Today, odds are any new application is developed, tested, and run in the cloud. Even better odds that that cloud is one of the Big 3 cloud providers, Amazon, Microsoft Azure, or Google Cloud Platform. It’s important that you know how to work with data across various remote networks, rather than data stored in one location. While certifications are not necessarily always required, they do help get you noticed, however, certification(s) without any practical experience may not get you past a first interview. Managers want to know what you’ve managed and at what scale; how many instances? Service calls? Data size? Etc. Many of the boot camps offers today teach to the test not to learn the required skills. In response to this, Ursus launched a Cloud Apprenticeship program that offers both self-paced and 1:1 instruction. For more details visit the Certify-U Cloud Apprenticeship program overview.
For engineers, building applications used to be a matter of creating one cohesive system with many built-in components. On one hand, this made it easy for engineers to work with all of their data points under one roof. On the other hand, it made it difficult to make small changes to scale an application. Think managing an aircraft carrier versus thousands of PT boats. Today, most engineers work with microservices — stand-alone services with individual goals that all work together to build larger applications. As a successful Fintech engineer, you need to be comfortable with this multi-faceted approach.
Continuous Integration & Continuous Deployment (CICD)
Companies are shipping software today in minutes. Yeah, you read that right. Minutes. Not hours, not weeks, months, or longer. Minutes. The quarterly release schedule is dead and thus, it’s important that you know how to write code that can get to your users quickly and never lose functionality when changes are made. There are myriad CICD tools used today. Make sure you are comfortable and proficient with more than one.
Security & High Availability
In fintech when billions of dollars are being processed, it can be devastating to a business and customer with a network goes down. Remember, these companies in some form are you are dealing with what people and companies value most, their money! A data breach can be the death knell of many of these companies, especially the startups. Systems must maintain 100 percent operational if you want to be known for trusted and failure-proof technology, which means you need to know how to build and work with high availability systems and ensure that those systems are secure. The best way for fintech to safeguard its future is to keep an eye on circumstances driving its adoption, break with outdated security traditions that do not align with its trajectory, and over-engineer to prevent fraud and breach. Developers with a security background and practical experience are as valued and in demand as any.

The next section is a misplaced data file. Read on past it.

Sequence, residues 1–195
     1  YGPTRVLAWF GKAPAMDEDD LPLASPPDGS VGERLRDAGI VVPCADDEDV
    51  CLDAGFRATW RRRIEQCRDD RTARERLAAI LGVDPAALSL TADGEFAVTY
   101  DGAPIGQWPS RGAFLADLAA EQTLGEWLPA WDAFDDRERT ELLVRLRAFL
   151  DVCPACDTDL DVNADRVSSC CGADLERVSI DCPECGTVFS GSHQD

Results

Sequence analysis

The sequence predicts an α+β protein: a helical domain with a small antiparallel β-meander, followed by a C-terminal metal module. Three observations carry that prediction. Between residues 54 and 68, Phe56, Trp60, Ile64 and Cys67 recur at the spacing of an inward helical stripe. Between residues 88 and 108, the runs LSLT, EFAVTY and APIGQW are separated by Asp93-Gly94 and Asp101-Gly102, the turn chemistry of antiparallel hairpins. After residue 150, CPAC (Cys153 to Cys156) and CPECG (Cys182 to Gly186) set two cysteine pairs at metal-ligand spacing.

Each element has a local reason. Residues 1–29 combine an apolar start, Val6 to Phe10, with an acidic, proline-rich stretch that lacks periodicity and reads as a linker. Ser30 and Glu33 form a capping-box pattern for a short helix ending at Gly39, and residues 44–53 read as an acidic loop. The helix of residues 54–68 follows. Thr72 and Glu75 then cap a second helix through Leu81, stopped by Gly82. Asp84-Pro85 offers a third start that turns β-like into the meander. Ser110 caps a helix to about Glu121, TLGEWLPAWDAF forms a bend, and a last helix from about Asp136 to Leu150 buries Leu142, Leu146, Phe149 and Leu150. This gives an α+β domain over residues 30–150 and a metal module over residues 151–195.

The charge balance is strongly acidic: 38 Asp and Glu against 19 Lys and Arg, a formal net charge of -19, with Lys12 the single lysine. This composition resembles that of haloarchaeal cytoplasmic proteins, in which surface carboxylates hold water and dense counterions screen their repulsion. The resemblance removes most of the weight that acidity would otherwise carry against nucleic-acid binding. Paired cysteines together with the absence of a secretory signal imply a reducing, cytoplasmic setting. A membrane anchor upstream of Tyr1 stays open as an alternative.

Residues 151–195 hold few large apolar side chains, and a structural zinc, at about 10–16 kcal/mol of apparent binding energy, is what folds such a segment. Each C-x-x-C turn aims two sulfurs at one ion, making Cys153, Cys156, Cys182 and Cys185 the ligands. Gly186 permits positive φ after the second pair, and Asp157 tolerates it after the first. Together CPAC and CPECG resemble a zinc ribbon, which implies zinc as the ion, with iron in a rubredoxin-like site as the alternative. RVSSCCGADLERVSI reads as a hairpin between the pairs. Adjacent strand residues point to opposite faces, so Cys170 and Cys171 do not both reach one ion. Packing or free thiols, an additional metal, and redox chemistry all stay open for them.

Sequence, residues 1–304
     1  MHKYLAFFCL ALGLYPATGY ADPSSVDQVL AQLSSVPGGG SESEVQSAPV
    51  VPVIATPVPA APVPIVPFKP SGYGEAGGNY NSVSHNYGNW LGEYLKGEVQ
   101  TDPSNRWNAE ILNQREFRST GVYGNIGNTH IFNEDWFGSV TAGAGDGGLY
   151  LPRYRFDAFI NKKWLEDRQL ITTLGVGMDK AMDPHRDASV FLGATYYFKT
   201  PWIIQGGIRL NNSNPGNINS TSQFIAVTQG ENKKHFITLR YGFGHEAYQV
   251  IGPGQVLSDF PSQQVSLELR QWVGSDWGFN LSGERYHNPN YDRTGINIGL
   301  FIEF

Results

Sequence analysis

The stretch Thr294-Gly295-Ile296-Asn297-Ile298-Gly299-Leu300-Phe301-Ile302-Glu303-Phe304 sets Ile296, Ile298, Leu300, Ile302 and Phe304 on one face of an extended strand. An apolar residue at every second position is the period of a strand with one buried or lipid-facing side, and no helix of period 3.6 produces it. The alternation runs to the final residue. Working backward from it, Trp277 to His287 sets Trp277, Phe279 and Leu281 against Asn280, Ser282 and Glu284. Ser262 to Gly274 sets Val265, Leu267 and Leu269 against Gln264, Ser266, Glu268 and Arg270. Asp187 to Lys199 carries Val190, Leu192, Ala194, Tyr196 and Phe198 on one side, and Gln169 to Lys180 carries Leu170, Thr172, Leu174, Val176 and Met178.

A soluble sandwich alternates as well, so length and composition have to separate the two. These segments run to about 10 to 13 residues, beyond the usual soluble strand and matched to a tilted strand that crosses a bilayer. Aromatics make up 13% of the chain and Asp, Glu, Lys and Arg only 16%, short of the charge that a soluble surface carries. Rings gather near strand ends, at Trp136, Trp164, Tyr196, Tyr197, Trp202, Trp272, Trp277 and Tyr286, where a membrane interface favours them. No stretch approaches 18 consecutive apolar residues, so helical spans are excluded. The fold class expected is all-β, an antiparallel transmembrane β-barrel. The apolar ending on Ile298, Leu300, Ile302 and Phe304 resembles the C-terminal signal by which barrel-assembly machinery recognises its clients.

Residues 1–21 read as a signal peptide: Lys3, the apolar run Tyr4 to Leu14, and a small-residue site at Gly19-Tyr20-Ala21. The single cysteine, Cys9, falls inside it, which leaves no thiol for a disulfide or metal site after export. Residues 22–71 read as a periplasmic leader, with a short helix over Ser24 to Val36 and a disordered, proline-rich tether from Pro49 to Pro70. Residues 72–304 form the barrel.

Verbal & Written Communication Skills!
Whether you choose contract work or full-time employment the odds are high that you will need to collaborate with remote workers. The ability to communicate (verbally and written communication) remotely, work with a wide variety of people, and manage cross-country or international working relationships will make you more employable (and promotable).
For software developers, there are incredible opportunities to be part of teams contributing new ideas and services that will change the way people transact for years to come. There are numerous niches to be filled, new markets to serve and the market is hungry for new solutions to serve the market better than ever before. All of these companies’ innovators will need experienced software developers to lead them down the path to success in this new world.
After all, any new idea is only as good as its execution.